Like Paul, I've been doing this for a very long time on all different platforms. It's been my experience that SQL knowledge is transferrable from platform to platform. Each platform will have it's own quirks, but they are generally not attributeable to SQL but to the OS. Even old horses know can recognize these and adapt well.

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                        • #27
                          SQL vs. OPNQRYF--The Battle Continues

                          ** This thread discusses the article: SQL vs. OPNQRYF--The Battle Continues **
                          It seems strange to me that none of the responses mention MONMSG capabilities. OPNQRYF never gives much explanation when it doesn't work, let alone take any type of action. I used OPNQRYF for many years. Then I worked in a company with many IBM systems. I could embed SQL into my RPG. This allowed me to connect to remote databases, and read each of their inventory files from one system into one single report. I put SQL in my Item master edit program to verify the Item # was already valid on the mainframe, I could prompt a window to read and select the conversion factors from the mainframe DB2 (I haven't seen any SET CURSOR & read a record at a time in OPNQRYF). I could monitor for connection not available (try later), record not found, etc... The SQL book gives the response codes, -negative values are errors, try this with OPNQRYF. Also don't forget IBM's other attempts to support proprietary products (WORDPERFECT on AS/400, Office vision, etc...) I have no guarantees on SQL, but with the rest of the world using it as a de-facto standard, I will put my bet on it staying around longer than OPNQRYF. I have also used SQL on several systems with out the SQL (IBM's 5722-ST1) product, several magazines have given me utility programs to run SQL statements from CL and the command line w/o ST1.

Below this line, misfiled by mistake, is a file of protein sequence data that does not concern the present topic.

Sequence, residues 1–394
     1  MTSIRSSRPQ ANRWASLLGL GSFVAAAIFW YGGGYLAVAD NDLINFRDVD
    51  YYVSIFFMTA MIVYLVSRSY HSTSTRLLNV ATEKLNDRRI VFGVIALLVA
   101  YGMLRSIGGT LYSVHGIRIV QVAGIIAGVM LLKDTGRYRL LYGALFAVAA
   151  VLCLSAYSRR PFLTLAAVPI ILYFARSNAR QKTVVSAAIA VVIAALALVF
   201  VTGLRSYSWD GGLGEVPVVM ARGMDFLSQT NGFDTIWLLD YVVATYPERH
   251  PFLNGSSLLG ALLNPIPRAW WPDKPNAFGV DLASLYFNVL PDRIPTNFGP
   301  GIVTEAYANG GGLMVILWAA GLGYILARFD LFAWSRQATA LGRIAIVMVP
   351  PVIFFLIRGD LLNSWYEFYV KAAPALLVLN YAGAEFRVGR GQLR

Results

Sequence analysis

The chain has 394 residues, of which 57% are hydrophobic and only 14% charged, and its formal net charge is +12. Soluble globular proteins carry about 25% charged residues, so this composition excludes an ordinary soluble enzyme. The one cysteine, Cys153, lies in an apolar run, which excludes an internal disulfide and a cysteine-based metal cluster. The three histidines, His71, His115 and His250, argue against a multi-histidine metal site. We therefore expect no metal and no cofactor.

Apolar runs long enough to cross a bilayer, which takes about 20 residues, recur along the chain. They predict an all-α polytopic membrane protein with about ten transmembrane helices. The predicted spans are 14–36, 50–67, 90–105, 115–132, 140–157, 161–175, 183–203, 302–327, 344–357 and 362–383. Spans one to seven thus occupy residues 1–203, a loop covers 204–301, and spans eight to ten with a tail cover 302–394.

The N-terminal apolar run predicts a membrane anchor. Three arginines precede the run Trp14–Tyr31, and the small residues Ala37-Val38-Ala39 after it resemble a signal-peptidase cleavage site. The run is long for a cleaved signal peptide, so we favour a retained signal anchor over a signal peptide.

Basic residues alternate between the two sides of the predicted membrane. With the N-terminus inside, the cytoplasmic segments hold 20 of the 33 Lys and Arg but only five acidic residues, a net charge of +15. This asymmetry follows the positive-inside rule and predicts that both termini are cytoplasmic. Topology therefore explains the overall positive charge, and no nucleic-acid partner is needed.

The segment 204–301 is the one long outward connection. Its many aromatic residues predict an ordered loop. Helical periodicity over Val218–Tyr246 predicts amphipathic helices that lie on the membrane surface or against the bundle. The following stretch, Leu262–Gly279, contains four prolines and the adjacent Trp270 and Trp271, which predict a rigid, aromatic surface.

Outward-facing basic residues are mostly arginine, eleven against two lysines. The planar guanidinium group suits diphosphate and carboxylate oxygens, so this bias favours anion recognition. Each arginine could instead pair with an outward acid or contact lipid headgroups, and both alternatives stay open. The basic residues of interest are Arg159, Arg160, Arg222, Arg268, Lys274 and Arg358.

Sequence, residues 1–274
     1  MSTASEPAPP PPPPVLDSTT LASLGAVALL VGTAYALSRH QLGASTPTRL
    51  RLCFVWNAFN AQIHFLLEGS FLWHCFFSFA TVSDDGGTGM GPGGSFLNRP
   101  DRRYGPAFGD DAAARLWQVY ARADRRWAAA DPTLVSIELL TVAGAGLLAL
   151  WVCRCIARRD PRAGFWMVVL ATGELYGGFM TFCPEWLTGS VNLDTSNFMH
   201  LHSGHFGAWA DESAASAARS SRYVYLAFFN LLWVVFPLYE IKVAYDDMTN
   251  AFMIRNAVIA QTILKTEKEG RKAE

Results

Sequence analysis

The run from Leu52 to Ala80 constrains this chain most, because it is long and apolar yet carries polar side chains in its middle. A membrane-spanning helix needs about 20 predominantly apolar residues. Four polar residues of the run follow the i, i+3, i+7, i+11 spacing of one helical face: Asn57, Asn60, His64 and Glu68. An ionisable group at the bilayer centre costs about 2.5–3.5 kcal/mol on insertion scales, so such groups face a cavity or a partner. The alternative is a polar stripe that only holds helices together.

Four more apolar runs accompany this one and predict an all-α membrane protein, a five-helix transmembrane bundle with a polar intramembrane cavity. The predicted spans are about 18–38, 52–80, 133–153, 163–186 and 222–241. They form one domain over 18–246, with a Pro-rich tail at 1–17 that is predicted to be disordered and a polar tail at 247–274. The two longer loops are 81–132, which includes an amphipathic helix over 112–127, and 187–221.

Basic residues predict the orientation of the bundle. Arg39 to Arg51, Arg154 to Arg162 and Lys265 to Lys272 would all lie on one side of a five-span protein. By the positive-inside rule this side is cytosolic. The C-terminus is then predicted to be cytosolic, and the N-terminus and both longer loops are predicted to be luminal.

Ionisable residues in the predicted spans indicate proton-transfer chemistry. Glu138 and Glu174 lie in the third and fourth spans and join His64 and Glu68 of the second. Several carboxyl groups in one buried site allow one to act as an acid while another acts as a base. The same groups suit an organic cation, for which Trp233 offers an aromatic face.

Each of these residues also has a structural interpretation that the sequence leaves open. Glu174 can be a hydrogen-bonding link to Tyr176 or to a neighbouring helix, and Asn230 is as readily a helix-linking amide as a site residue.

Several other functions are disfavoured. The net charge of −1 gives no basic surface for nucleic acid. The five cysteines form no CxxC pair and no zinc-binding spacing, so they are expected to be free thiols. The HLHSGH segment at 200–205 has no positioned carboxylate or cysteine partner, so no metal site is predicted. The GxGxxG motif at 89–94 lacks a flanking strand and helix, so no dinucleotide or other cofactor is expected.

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                          • #28
                            SQL vs. OPNQRYF--The Battle Continues

                            ** This thread discusses the article: SQL vs. OPNQRYF--The Battle Continues **
                            I'll show my ignorance here - "...This allowed me to connect to remote databases..." - Can you point me to a reference book that explains how to do this? Thanks, Joe

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                            • #29
                              SQL vs. OPNQRYF--The Battle Continues

                              ** This thread discusses the article: SQL vs. OPNQRYF--The Battle Continues **
                              THULL is probably referring to DRDA (Distributed Relational Database Architecture). This allows an SQL program on one platform like an iSeries to connect and access data on a dissimilar platform. Search this site for "DRDA". Chris